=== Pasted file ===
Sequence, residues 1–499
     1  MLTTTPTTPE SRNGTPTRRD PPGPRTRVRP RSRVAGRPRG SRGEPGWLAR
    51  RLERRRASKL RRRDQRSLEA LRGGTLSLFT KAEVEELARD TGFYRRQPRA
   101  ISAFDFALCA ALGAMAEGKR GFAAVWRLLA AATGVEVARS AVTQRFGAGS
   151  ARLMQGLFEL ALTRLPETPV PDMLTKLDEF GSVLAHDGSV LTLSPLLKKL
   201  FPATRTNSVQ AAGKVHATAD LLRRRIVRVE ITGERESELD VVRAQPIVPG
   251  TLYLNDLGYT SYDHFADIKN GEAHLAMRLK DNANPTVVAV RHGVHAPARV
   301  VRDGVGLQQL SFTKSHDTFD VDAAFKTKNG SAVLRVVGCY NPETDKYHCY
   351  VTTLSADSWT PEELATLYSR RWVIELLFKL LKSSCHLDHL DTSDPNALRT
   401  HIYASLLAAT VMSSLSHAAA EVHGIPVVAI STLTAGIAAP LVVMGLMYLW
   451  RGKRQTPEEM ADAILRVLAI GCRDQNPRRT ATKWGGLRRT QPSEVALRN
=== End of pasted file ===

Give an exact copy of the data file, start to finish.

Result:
Sequence, residues 1–499
     1  MLTTTPTTPE SRNGTPTRRD PPGPRTRVRP RSRVAGRPRG SRGEPGWLAR
    51  RLERRRASKL RRRDQRSLEA LRGGTLSLFT KAEVEELARD TGFYRRQPRA
   101  ISAFDFALCA ALGAMAEGKR GFAAVWRLLA AATGVEVARS AVTQRFGAGS
   151  ARLMQGLFEL ALTRLPETPV PDMLTKLDEF GSVLAHDGSV LTLSPLLKKL
   201  FPATRTNSVQ AAGKVHATAD LLRRRIVRVE ITGERESELD VVRAQPIVPG
   251  TLYLNDLGYT SYDHFADIKN GEAHLAMRLK DNANPTVVAV RHGVHAPARV
   301  VRDGVGLQQL SFTKSHDTFD VDAAFKTKNG SAVLRVVGCY NPETDKYHCY
   351  VTTLSADSWT PEELATLYSR RWVIELLFKL LKSSCHLDHL DTSDPNALRT
   401  HIYASLLAAT VMSSLSHAAA EVHGIPVVAI STLTAGIAAP LVVMGLMYLW
   451  RGKRQTPEEM ADAILRVLAI GCRDQNPRRT ATKWGGLRRT QPSEVALRN